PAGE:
It is sometimes handy to be able to estimate the

natural logarithm (

ln) of a number. This is actually not too hard, if you adapt a

trick from

Knuth: the

base-2 logarithm is almost exactly the sum of the natural and

common logarithms.

log_2(x) ~= log_10(x) + ln(x)

It's easy to check this formula, and see that it gives ~1% accuracy.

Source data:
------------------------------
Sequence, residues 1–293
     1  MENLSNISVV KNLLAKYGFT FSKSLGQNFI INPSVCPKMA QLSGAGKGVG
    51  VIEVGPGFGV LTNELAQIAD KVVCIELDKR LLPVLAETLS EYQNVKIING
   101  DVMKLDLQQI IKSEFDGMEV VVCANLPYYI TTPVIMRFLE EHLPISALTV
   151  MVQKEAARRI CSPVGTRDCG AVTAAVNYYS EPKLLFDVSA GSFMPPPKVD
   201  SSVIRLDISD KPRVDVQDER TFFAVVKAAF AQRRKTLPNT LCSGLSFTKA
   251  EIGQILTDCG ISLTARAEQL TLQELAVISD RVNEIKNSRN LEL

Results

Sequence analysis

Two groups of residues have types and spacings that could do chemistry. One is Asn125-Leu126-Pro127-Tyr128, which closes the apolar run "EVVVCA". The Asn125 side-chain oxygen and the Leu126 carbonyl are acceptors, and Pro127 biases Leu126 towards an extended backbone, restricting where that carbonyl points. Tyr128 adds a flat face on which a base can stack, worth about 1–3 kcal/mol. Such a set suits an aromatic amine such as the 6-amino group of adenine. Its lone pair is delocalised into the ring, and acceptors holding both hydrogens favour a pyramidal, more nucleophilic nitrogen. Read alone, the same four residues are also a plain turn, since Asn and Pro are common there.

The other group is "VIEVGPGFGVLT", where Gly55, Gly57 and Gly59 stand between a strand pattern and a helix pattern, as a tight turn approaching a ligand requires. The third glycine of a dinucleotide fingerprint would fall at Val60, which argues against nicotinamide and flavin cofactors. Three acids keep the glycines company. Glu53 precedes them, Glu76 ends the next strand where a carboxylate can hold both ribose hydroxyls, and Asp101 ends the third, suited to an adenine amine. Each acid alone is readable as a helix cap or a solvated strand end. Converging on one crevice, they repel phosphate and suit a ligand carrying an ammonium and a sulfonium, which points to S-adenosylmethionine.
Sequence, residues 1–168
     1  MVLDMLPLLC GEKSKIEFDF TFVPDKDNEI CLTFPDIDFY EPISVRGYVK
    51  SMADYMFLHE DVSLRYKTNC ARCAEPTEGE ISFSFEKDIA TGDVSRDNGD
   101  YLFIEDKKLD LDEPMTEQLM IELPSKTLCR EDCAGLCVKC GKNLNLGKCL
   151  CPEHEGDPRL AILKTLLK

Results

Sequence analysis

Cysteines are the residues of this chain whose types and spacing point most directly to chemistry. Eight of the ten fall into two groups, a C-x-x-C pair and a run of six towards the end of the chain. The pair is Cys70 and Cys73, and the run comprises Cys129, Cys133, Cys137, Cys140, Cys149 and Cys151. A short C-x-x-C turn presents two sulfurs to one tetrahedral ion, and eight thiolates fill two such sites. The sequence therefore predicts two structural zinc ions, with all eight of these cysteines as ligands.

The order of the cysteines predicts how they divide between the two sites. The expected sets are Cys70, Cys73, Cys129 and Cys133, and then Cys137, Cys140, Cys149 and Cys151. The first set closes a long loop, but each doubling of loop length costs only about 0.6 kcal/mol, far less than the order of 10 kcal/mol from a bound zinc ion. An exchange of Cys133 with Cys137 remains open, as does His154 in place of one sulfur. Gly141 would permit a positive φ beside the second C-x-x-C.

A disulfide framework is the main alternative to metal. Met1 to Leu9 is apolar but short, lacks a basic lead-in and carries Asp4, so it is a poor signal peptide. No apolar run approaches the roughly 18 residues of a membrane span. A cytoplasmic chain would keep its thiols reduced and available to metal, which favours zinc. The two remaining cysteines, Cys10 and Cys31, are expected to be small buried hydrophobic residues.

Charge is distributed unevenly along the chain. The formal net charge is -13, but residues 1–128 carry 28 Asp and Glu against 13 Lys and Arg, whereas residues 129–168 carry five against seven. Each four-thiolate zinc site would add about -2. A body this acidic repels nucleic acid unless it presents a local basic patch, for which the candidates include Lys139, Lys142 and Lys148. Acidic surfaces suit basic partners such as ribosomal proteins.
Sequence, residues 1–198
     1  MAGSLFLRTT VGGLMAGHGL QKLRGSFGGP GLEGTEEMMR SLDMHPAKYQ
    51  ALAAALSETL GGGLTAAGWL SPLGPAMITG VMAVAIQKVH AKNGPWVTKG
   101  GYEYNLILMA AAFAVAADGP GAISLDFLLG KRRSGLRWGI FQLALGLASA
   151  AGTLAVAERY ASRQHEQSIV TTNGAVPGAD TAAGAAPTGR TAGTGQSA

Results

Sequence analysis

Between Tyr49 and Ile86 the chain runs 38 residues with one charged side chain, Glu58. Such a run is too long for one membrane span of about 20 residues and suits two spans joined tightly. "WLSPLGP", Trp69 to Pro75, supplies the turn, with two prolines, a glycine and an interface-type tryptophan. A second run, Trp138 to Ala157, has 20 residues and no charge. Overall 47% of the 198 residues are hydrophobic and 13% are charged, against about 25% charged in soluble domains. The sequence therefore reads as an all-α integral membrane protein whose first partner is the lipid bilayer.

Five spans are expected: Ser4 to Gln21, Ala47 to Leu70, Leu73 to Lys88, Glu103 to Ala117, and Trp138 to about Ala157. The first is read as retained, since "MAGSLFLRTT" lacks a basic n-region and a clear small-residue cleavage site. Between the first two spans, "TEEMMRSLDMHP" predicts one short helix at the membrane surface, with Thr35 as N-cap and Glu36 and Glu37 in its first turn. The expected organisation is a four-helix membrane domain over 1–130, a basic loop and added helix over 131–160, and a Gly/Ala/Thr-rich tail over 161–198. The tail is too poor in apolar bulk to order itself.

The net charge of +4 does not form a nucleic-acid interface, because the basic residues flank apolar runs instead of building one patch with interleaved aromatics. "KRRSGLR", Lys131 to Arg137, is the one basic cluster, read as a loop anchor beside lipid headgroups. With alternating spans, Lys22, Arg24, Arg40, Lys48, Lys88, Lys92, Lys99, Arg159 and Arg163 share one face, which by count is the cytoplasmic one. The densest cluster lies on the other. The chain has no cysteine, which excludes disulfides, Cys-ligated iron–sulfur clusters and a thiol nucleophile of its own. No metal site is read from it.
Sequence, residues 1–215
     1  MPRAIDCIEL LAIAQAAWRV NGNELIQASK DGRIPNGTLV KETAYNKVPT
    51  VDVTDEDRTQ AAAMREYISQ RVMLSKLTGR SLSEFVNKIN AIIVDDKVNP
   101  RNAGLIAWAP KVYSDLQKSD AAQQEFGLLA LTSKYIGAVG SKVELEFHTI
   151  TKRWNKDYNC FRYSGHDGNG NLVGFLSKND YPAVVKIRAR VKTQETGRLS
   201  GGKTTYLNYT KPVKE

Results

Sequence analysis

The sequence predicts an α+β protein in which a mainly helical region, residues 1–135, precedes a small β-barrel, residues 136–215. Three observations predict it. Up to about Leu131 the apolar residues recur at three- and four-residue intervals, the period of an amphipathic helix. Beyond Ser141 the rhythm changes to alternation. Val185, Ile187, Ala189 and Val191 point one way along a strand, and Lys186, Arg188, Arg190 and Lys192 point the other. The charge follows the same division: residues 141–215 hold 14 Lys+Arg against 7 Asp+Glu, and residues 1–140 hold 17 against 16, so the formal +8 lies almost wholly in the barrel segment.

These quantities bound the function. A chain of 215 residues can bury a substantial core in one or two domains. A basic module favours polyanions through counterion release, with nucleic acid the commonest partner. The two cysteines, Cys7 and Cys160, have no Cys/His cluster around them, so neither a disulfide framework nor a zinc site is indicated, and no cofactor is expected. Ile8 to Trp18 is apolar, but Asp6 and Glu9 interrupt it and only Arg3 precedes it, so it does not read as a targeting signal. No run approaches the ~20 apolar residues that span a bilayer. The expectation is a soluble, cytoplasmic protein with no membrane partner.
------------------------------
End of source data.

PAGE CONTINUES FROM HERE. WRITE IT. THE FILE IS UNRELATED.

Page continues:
So let's say you're thinking about the density of prime numbers of size ~10^{600}. This is essentially asking what's `ln(1e600)`, so let's use our estimate. `log_10(1e600) = 600`, obviously. And we also know that `2^10 = 1024 ~= 10^3`, so `log_2(1e600) ~= 2000`. So `ln(1e600) ~= 1400` (the correct answer is `~1381.55`, so even after fudging the base-2 logarithm, we didn't do too badly!